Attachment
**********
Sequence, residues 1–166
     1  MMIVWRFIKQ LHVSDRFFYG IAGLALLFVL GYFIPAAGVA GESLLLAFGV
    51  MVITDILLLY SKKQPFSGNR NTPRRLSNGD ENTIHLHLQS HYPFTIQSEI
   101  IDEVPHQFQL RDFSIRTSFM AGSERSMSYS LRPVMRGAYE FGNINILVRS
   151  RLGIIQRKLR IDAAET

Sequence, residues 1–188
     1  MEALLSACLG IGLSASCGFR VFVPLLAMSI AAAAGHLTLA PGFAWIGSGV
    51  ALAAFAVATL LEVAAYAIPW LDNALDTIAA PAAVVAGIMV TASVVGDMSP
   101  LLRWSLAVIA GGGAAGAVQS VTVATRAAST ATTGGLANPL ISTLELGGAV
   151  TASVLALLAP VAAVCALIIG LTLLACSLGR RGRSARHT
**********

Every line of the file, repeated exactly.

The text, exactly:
Sequence, residues 1–166
     1  MMIVWRFIKQ LHVSDRFFYG IAGLALLFVL GYFIPAAGVA GESLLLAFGV
    51  MVITDILLLY SKKQPFSGNR NTPRRLSNGD ENTIHLHLQS HYPFTIQSEI
   101  IDEVPHQFQL RDFSIRTSFM AGSERSMSYS LRPVMRGAYE FGNINILVRS
   151  RLGIIQRKLR IDAAET

Sequence, residues 1–188
     1  MEALLSACLG IGLSASCGFR VFVPLLAMSI AAAAGHLTLA PGFAWIGSGV
    51  ALAAFAVATL LEVAAYAIPW LDNALDTIAA PAAVVAGIMV TASVVGDMSP
   101  LLRWSLAVIA GGGAAGAVQS VTVATRAAST ATTGGLANPL ISTLELGGAV
   151  TASVLALLAP VAAVCALIIG LTLLACSLGR RGRSARHT